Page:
Business is good, but are your customers happy?

A Shock to the (Business) System

Usually seen as a funny prank, especially when it is on video, is the chair that falls over when a leg is kicked out.  Whether three legs or four, that chair is set up to balance the load across all of them in a specific way. When one of those legs fails or is quickly removed, it falls.  It can create quite a shock to the system when it happens to you.

One of the many impacts of the pandemic in 2020 has been on businesses.  The “non-essential” retailers have been required to close their doors, travel was at a standstill for quite some time and even restaurants – though an essential business – had to modify service which impacted both costs and revenue.  Certainly a shock to their systems.

On the other hand, there are some businesses that have greatly benefited from these disruptions. An easy one to point out is food and restaurant delivery apps.  I think most everyone would agree that this is the right service at just the right time – and certainly was a welcome infusion of revenue to their top line.   

Strong Growth, Profit and Customer Experience?

One of the compelling discussion points behind all these food delivery services is that, while experiencing strong growth, they still are not making a profit.  The outlook is bleak as well (as you will see in this example).  Why? They are not looking at the experience.  While the service is filling a requirement right now, they have not really taken the time to listen to their customers.  One may feel that the apps request an assessment of each customer after each order, but those are not the only customers.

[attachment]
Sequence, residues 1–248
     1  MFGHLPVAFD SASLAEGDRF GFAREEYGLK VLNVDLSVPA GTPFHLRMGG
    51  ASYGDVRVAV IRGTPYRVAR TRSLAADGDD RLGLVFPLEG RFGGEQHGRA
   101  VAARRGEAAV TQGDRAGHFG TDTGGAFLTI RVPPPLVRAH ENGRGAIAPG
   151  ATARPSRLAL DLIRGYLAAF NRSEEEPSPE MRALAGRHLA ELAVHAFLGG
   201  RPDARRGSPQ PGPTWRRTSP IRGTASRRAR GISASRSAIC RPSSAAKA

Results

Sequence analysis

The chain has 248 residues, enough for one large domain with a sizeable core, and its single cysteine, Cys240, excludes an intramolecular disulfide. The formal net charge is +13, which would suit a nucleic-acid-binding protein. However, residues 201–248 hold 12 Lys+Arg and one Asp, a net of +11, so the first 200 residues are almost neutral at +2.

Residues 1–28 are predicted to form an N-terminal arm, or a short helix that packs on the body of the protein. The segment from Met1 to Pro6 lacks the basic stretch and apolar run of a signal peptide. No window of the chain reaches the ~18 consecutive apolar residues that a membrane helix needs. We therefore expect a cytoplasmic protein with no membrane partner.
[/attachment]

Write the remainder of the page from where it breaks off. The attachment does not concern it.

When reading industry news, the two biggest complaints about these companies is 1) how they treat their delivery agents and 2) how they treat the restaurants.  While any business model only works when you have paying customers, you also have to deliver on the product.  In this case, the delivery is delivery and the product is the restaurants providing the meal.  It should be noted, that when times were good, these companies were asking more from restaurants that were already squeezed because of the pandemic and giving less to the delivery agents who were struggling to get a little extra income.  With the latter, there was even a big push by these companies in California to ensure they would be contractors and not employees.  Regardless of the politics behind these initiatives (I can see both the good and the bad that can come from it), there was a reality that even while these companies were squeezing more from customers, delivery agents and restaurants, they still won’t be able to turn a profit in a year that should have been a banner year for them.  

Shared Experiences Matter 

Perhaps the biggest lesson from all this is taking the time to understand customer journeys.   It is important to look across the entire experience spectrum and understand where the process could break down.  Much like the bicycle needs both wheels and the chain to connect the pedals to the tire, a business needs to optimize all those touchpoints to make it go forward. One might say that the restaurants and delivery agents are more like employees, but even then you should be understanding the employee experience for them – they are part of the journey.   Ultimately, all these pieces have value in the journey and each piece needs to see a positive value proposition.  Without providing that, the business is metaphorically kicking out one leg of a three-legged stool.  

Each business situation will vary, delivery agents in one company may be seen as employees or resources in another, it is vital for a company to understand how each fits into that value equation in the marketplace.  It is also important to measure and understand the expectations and attitudes of all stakeholders, otherwise, that chair you are sitting on may fall.